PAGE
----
Markets working to support sustainable development

Better Cotton Standard System

The Better Cotton Standard System was designed by the Better Cotton Intiative (BCI) to entrench sustainable development goals within the global cotton industry, to encourage good practice and to establish better cotton as a sustainable mainstream commodity.

The Standard System defines better cotton through a set of production principles and criteria - these say that better cotton is produced by farmers who:

  • minimise the harmful impact of crop protection practices.
  • use water efficiently and care for the availability of water.
  • care for the health of the soil.
  • conserve natural habitats.
  • care for and preserve the quality of the fibre.
  • promote "decent work."

The Standard System is implemented using an assurance programme whereby farm assessments are conducted regularly. Here, the minimum requirements vary according to how big the farm is -- i.e. if it's a smallholding, a medium-sized farm or a large farm. Once the intial measurements are conducted, farmers receive a score based on their answers and high scoring farmers are rewarded through extended Better Cotton licence periods.  The mechanisms used within the assurance programme vary and include: self-assessment at Producer Unit level (a collection of smallholders or medium farms) or individual level for large farms; second Party Credibility Checks (by BCI and/or Partners); and third Party verification (by independent verifiers). Risk-based assessments also give specific attention to the highest and lowest performers. 

To ensure transparency and traceability, there are also a set of supply chain procedures. ‘Better cotton’ is separated from ‘non-better cotton’ and a unique identification number is placed on each bale. Traceability is achieved through use of a third party tracking system.

The BCI does not provide a consumer facing label and is designed for business-to-business production and sourcing decisions.

 

Market coverage: 

In 2012, there were 164,000 farmers producing 'better cotton', 683,000 hectares under 'better cotton production', which produced a total of 623,000 MT of better cotton (in 'Lint' form). Better cotton partners are in Brazil, Mali, South Asia and China.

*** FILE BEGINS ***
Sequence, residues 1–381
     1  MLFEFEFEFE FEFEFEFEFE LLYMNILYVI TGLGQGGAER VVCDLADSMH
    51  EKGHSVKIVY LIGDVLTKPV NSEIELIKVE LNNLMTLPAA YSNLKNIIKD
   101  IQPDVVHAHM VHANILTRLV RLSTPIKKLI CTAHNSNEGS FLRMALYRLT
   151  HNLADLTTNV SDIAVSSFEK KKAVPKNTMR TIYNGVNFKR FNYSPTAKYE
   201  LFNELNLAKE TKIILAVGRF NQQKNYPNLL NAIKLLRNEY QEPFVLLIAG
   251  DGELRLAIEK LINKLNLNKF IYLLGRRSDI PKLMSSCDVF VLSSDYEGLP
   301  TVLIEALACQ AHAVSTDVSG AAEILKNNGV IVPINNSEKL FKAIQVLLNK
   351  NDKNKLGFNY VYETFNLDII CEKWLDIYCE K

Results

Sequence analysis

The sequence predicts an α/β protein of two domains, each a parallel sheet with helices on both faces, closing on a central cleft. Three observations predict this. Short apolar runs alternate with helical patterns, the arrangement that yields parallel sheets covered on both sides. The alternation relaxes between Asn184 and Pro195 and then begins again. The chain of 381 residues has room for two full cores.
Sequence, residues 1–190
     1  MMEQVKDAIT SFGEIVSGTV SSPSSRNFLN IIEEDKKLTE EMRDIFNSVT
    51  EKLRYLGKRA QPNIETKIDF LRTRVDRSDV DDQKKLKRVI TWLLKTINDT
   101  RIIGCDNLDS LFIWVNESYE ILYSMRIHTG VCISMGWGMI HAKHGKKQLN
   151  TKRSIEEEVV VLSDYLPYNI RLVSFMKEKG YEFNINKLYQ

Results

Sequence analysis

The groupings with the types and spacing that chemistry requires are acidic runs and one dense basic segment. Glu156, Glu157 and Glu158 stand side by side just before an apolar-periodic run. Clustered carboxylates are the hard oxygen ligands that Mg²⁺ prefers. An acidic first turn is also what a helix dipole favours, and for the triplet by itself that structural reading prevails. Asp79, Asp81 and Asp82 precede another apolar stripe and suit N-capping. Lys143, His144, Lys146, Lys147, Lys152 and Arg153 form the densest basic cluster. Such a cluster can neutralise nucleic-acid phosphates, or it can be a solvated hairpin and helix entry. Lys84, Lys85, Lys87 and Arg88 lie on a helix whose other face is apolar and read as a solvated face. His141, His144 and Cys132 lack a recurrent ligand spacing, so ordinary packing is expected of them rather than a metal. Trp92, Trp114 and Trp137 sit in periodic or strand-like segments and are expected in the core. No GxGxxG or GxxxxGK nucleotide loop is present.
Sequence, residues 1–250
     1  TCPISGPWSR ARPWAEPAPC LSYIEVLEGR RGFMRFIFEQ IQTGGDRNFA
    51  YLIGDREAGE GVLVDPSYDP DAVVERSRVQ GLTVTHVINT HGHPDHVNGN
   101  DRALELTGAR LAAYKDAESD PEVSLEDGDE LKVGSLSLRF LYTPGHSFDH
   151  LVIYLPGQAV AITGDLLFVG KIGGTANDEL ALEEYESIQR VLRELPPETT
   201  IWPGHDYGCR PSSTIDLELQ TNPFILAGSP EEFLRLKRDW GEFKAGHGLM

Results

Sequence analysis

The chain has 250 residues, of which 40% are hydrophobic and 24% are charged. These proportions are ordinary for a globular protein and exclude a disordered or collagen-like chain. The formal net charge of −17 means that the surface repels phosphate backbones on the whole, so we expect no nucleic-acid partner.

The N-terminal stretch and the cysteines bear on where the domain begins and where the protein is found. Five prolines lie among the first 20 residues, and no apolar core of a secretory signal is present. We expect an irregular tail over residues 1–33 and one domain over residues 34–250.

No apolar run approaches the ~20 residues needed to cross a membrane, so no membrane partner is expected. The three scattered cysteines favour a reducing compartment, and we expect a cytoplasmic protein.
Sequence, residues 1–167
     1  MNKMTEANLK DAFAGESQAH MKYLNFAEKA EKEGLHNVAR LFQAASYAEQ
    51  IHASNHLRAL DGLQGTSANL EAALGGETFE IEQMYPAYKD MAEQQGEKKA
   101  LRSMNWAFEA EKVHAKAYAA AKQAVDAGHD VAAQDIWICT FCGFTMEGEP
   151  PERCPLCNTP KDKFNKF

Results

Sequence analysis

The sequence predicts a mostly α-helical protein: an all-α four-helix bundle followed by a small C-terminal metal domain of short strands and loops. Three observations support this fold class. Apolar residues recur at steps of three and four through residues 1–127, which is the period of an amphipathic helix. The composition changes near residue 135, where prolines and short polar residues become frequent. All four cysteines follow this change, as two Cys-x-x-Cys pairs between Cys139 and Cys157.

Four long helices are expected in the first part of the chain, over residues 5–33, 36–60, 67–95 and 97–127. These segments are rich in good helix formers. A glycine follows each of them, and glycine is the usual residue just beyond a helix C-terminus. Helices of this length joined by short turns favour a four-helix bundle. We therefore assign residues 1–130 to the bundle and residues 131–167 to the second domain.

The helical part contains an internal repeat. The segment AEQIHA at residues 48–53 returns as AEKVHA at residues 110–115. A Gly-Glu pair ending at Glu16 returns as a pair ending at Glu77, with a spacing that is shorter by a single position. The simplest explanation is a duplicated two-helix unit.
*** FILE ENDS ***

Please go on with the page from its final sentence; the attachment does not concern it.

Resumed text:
There are 197 members of the BCI, representing a diversity of suppliers, retailers, civil society organisations and producer organisations. BCI members include major retailers and brands - selected examples include Adidas, Ikea, Levi Straus & Co., Nike, and Tesco. 

Background information: 

The Better Cotton Standard System was developed by the Better Cotton Intiative - an international, voluntary intiative with members from throughout the cotton supply chain. BCI are working towards establishing a gobal cotton industry that is 'better for the people who produce it, better for the environment it grows in and better for the sector’s future.’ Specifically, BCI's target is to certify 5 million Better Cotton farmers producing 8.2 million metric tonnes of Better Cotton by 2020 - that’s around 30 per cent of global cotton production - by 2020. 

Aims

  • To demonstrate the inherent benefits of Better Cotton production, particularly the financial profitability for farmers
  • To reduce the impact of water and pesticide use on human and environmental health
  • To improve soil health and biodiversity
  • To promote decent work for farming communities and cotton farm workers
  • To facilitate global knowledge exchange on more sustainable cotton production
  • To increase traceability along the supply chain.
Funding source: 

Membership fees are payable annually. These fees are differentiated according to organisation type, size and structure. Fees range from EUR100 for non-OECD producer organisations to EUR 50,000 for the largest retailers/brands. Income also came from donor organisations including the Swedish International Development Agency, WWF and Rabobank. 

Notable information: 

The outcomes achieved by the Better Cotton Standard System are supported by BCI conducting capacity development schemes whereby farmers are given training and guidance to help them continualy improve their sustainability.  Furthermore, BCI also have a 'claims framework' through which they communicate their achievements, information and stories from the field to share knowledge about best practice within the sector. 

 

Sector: